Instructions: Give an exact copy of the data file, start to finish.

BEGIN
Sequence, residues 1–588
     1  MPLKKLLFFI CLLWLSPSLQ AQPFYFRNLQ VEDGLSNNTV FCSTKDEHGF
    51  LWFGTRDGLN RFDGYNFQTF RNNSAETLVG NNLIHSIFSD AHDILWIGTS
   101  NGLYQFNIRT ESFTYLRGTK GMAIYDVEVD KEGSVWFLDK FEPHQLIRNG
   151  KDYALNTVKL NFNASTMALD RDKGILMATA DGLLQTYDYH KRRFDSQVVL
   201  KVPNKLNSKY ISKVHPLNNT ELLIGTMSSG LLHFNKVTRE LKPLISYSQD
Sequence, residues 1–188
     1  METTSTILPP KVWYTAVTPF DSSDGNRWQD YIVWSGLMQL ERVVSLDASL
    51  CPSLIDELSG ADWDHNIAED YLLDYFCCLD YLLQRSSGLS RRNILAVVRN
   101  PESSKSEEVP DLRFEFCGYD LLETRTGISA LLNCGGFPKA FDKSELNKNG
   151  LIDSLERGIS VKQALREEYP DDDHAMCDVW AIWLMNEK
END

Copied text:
Sequence, residues 1–588
     1  MPLKKLLFFI CLLWLSPSLQ AQPFYFRNLQ VEDGLSNNTV FCSTKDEHGF
    51  LWFGTRDGLN RFDGYNFQTF RNNSAETLVG NNLIHSIFSD AHDILWIGTS
   101  NGLYQFNIRT ESFTYLRGTK GMAIYDVEVD KEGSVWFLDK FEPHQLIRNG
   151  KDYALNTVKL NFNASTMALD RDKGILMATA DGLLQTYDYH KRRFDSQVVL
   201  KVPNKLNSKY ISKVHPLNNT ELLIGTMSSG LLHFNKVTRE LKPLISYSQD
Sequence, residues 1–188
     1  METTSTILPP KVWYTAVTPF DSSDGNRWQD YIVWSGLMQL ERVVSLDASL
    51  CPSLIDELSG ADWDHNIAED YLLDYFCCLD YLLQRSSGLS RRNILAVVRN
   101  PESSKSEEVP DLRFEFCGYD LLETRTGISA LLNCGGFPKA FDKSELNKNG
   151  LIDSLERGIS VKQALREEYP DDDHAMCDVW AIWLMNEK